An update of the 1977 comedy, Dick and Jane are living the good life. That is until Dick (Jim Carrey) loses his job shortly after getting a promotion that convinced his wife Jane (Téa Leoni) to quit her job. The money is gone, and the house ends up in foreclosure. Dick decides to turn to a hilarious life of crime to pay the bills with his lovely wife by his side. Then together they decide it's ... See full summary »
Man on the Moon is a biographical movie on the late comedian Andy Kaufman. Kaufman, along with his role on Taxi (1978), was famous for being the self-declared Intergender Wrestling Champion of the world. After beating women time and time again, Jerry Lawler (who plays himself in the movie), a professional wrestler, got tired of seeing all of this and decided to challenge Kaufman to a match. In most of the matches the two had, Lawler prevailed with the piledriver, which is a move by spiking an opponent head-first into the mat. One of the most famous moments in this feud was in the early 80s when Kaufman threw coffee on Lawler on Late Night with David Letterman (1982), got into fisticuffs with Lawler, and proceeded to sue NBC. Written by
Eli Boorstein <email@example.com>
This was Doris Eaton's only role in films after 1929, a gap of 70 years. Her immediate previous film appearances were in Street Girl (1929) and The Very Idea (1929), released about the same time. Although she is sometimes considered to have been in Reckless Decision (1933), her role in that comprised only recycled footage from Tell Your Children (1922). Jim Carrey spotted her at the Broadway Cares/Equity Fights AIDS benefit and offered her a role in this film. See more »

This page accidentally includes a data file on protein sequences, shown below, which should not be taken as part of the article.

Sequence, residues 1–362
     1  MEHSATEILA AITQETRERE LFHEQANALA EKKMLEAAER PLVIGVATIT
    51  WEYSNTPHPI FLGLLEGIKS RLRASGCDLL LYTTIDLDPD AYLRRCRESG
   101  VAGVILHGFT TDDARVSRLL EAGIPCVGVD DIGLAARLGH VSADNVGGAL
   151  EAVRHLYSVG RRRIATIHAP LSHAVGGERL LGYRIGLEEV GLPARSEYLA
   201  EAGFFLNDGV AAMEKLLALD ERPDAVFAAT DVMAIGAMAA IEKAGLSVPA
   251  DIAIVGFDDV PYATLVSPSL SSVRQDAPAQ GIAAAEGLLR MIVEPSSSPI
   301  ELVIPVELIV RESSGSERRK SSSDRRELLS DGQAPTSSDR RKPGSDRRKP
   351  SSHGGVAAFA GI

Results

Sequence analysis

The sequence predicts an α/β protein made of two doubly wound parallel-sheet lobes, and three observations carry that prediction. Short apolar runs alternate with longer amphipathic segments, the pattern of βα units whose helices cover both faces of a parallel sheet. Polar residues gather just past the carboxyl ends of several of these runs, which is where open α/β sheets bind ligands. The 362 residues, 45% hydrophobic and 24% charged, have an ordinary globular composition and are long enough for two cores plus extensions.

The model of Sony broadcast monitor used in the "vertical hold" scene dates from the 1990s, not the 1970s. See more »
A stunning film, with an equally stunning performance by Jim Carrey
I saw a special sneak preview of "Man on the Moon" last week in Boston. Quite simply, the film is magnificent, and truly provides the audience with a glimpse into the genius of Andy Kaufman. There are moments of true hilarity, and moments that will break your heart.
Of course, this film would be nothing without the inspired performance by Jim Carrey. Within the first moments of the film, you completely forget that it is Jim Carrey on screen. Rarely have I seen an actor truly transform into the persona that he is portraying. Jim Carrey was Andy Kaufman.
At the very least, Mr. Carrey is deserving of every honor that is given in acting. No other performance this year comes even close to this. Without question, this is a film for the ages, and gives everyone a look into the mind of a genius.
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